2013 Dynamic Dozen Top Local Executive: Geoffrey Butler
Geoffrey Butler never had a doubt who he would work for after earning his architecture degree: himself.
“It’s your desk, your office, your business – from there, everything else is a highlight,” says Butler, president of Butler, Rosenbury & Partners Inc., which marks its 35th anniversary this year.
The Springfield native attended the University of Kansas, spending seven years in Lawrence. But that area wasn’t big enough to support Butler’s goal of self-employment, and he moved home. Butler’s father had owned the largest architecture firm in Springfield, but died in a 1971 plane crash. Butler knew he would be starting from scratch.
The financial crisis of 2008 hit Butler Rosenbury hard, and the firm went from 92 employees to a staff of 18.
“We did not plan to grow,” says Butler, who is licensed in several states. “We grew in reaction to the markets we were working in. For more than 30 years, that model worked fine – until the crash, when we found that we had an unsustainable size for the economic conditions we were facing.”
In response, Butler Rosenbury scaled the firm back during a 10-month period to a sustainable size, where quality could be better measured.
“To a certain degree, I’m a control freak. The bigger you are, the harder it is to control all that’s going on,” Butler says. “The takeaway is you need to be in a position to control what you need to control. … I don’t think I ever want to have 90 people again. It’s more collegial here. We’re more of a family.”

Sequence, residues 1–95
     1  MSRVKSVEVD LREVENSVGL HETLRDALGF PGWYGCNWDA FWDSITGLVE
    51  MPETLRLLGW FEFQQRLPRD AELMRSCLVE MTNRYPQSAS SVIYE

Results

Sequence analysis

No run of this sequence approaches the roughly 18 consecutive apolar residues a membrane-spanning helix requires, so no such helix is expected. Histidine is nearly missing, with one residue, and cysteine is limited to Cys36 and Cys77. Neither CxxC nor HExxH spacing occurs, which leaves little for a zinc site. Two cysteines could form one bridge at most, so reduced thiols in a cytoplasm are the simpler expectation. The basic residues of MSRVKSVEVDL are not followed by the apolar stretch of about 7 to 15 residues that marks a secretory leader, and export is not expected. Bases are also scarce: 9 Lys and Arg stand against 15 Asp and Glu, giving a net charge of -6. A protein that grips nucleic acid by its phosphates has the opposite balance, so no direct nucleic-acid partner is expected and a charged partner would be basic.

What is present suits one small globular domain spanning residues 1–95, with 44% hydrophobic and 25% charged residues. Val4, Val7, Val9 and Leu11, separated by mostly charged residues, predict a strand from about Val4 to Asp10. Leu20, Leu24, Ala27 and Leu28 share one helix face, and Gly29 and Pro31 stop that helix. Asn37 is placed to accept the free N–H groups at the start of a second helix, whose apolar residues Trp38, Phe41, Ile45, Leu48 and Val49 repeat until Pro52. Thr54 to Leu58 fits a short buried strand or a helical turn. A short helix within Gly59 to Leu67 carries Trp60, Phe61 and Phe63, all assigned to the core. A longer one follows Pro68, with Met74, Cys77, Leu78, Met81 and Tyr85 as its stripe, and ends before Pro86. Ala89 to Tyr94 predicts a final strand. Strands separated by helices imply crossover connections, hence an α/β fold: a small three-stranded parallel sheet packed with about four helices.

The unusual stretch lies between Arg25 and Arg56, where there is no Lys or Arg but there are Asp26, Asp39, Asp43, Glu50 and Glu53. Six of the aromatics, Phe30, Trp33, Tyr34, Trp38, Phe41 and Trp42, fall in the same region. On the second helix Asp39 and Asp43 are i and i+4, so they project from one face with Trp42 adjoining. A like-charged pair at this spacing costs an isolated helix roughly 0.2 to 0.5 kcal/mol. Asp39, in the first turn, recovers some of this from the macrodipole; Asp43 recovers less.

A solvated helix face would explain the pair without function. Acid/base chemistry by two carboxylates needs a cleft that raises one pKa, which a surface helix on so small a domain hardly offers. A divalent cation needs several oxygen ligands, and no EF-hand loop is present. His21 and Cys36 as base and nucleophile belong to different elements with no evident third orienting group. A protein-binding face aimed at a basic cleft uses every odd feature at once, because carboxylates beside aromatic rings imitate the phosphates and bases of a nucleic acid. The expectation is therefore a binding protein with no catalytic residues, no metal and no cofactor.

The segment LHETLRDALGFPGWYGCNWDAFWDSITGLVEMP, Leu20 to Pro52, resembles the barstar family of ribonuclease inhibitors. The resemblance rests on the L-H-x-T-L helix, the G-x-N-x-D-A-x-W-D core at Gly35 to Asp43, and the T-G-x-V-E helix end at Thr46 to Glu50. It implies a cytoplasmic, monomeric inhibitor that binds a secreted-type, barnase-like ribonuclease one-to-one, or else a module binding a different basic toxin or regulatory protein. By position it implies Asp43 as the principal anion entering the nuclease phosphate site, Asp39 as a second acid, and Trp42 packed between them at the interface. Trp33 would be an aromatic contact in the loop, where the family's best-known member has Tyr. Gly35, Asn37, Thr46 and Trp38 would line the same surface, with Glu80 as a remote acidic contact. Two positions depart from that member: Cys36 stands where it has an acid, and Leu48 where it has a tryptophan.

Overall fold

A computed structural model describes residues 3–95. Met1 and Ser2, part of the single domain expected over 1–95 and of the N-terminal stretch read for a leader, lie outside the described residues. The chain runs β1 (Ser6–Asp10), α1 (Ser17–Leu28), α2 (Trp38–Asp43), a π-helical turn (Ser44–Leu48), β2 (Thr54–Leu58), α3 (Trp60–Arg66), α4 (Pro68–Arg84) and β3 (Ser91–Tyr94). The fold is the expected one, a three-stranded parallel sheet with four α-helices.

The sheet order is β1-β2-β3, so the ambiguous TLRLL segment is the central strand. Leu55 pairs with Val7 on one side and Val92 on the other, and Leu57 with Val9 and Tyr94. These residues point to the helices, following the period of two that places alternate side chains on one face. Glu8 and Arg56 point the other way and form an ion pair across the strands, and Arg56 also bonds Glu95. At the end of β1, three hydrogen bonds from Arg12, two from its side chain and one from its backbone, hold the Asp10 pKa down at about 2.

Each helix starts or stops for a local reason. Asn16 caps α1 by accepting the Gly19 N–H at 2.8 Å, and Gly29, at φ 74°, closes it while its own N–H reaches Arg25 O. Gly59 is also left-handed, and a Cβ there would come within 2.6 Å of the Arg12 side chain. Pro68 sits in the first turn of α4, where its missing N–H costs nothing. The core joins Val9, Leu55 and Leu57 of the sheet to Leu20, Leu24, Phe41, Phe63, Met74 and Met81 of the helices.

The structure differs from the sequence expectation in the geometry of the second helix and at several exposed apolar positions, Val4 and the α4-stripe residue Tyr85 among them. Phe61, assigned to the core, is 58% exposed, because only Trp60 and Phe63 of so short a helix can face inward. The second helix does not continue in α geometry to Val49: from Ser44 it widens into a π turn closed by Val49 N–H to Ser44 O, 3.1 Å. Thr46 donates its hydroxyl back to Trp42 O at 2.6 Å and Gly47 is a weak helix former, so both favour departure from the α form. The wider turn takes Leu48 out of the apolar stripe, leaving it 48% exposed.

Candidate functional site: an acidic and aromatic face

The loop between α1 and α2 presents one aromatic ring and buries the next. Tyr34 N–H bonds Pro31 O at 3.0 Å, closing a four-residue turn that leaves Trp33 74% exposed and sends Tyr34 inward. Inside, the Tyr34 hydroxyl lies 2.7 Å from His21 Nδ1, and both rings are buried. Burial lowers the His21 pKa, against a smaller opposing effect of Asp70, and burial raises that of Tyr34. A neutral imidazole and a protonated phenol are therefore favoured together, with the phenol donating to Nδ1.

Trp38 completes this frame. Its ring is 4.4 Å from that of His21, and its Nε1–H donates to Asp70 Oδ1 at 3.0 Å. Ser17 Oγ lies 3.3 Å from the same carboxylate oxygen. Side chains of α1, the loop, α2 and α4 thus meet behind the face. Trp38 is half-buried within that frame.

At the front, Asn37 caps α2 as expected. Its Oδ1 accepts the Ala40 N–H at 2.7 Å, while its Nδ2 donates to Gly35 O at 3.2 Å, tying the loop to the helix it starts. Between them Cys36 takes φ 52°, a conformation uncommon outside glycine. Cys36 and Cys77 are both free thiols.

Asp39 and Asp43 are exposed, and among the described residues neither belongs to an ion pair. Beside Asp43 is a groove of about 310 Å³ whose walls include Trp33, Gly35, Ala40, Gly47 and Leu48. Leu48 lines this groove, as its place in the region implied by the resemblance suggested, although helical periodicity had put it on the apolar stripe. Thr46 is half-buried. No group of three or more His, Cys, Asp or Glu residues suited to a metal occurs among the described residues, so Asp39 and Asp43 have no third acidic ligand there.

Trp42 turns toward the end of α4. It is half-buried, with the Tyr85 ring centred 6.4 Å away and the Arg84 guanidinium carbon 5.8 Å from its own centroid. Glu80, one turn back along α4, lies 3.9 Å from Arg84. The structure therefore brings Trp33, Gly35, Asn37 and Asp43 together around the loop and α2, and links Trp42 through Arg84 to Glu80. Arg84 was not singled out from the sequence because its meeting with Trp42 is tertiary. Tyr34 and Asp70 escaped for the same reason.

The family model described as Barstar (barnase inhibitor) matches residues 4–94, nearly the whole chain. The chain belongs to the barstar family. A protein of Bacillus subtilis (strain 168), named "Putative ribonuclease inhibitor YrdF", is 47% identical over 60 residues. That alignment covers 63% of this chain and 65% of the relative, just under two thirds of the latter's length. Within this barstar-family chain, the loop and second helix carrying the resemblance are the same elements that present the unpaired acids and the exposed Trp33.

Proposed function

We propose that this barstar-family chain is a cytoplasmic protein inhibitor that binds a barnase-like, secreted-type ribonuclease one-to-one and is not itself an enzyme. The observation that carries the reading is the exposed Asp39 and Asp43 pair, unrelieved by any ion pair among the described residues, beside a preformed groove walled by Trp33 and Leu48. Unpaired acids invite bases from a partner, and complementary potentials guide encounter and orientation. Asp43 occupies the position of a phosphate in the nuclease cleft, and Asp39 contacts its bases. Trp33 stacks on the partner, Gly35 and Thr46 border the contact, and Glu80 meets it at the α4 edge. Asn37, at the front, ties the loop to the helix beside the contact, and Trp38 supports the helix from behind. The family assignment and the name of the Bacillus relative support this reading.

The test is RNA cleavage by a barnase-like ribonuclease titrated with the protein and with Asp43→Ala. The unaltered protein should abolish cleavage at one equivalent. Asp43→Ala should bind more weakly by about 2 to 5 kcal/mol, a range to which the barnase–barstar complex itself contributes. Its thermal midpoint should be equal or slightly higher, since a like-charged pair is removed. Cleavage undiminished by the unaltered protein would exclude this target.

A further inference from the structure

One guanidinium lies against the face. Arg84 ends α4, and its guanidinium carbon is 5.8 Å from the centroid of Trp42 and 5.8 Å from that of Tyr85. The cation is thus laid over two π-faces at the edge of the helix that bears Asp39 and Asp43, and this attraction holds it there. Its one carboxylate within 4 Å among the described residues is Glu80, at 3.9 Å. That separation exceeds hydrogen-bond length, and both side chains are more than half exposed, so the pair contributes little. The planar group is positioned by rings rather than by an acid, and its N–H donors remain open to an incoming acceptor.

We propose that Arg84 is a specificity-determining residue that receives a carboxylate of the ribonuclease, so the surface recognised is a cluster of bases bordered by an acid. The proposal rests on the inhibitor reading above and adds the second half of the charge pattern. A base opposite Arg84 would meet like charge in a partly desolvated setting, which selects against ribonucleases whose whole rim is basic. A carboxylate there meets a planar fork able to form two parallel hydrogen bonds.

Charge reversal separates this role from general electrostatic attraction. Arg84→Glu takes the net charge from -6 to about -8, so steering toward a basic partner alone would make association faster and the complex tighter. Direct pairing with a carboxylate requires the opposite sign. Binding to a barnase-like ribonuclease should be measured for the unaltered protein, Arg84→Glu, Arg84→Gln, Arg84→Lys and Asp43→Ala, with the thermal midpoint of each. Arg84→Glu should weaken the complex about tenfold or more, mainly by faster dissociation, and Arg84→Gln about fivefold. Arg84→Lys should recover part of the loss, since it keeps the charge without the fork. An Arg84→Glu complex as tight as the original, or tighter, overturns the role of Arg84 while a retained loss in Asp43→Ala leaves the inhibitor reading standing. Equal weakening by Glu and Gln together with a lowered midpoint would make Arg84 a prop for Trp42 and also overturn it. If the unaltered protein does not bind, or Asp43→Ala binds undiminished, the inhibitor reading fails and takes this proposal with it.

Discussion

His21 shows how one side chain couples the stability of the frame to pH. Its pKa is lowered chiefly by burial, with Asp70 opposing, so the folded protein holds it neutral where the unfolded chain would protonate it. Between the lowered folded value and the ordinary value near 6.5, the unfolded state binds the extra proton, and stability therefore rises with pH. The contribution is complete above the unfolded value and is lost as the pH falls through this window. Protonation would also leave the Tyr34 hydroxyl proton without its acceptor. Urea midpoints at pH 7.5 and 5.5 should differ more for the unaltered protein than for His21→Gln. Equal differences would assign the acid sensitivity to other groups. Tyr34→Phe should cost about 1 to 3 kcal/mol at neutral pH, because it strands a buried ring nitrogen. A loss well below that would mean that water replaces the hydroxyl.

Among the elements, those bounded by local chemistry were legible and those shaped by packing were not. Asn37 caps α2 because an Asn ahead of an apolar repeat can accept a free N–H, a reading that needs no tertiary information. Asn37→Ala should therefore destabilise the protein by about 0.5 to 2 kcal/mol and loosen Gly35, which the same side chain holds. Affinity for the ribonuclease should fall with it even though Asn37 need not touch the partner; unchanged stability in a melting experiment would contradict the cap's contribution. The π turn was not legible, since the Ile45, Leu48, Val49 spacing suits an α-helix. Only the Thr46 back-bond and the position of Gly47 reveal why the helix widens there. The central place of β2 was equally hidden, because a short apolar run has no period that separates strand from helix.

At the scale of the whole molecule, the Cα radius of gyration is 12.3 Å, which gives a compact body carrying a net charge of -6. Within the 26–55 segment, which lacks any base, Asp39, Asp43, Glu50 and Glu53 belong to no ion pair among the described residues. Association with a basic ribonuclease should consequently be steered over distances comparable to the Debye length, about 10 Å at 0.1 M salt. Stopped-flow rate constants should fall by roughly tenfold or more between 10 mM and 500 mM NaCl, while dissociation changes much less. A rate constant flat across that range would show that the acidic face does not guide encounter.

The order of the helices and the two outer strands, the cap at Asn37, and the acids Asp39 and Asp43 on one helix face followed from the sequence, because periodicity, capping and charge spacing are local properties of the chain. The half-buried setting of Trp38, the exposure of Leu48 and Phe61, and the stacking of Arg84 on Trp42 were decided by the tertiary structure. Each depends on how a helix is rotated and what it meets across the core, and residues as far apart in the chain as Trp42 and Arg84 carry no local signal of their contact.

The firm trimmed expenses, virtually eliminated short-term debt, reduced aging accounts receivable and made sure to pay consultants as quickly as possible. All plans fly out the window when the economy tanks, Butler says.
“The priority is to secure good work, to continue to provide the high level of service and quality design and to do so with lower fees. The hurdles relate to the highly competitive market, resulting in lower fees with unchanged expectations,” he says. “Many of the perks everyone enjoyed in the good times were trimmed back. So the major effort is to try to get everyone to stay the course and to provide the type of work environment on good projects that is emotionally rewarding.”
That effort is paying off. The average tenure of Butler Rosenbury staff is more than 17 years.
Butler believes in putting people in the right spot and not asking someone to do something he wouldn’t do.
“The key to management is to surround yourself with the most talented people you can find,” he says. “Then you simply give them the tools and the freedom to do their work.”
And slowly, Butler sees signs that pent-up construction demand is starting to spring forth.
“We are able to secure quality work in a competitive marketplace,” Butler says. “We have the office operational expenses in line to allow our staff to do their work well and to make their work rewarding. We are making money, which then allows us to provide the incentives for our people that makes them secure and comfortable with their career choice here.”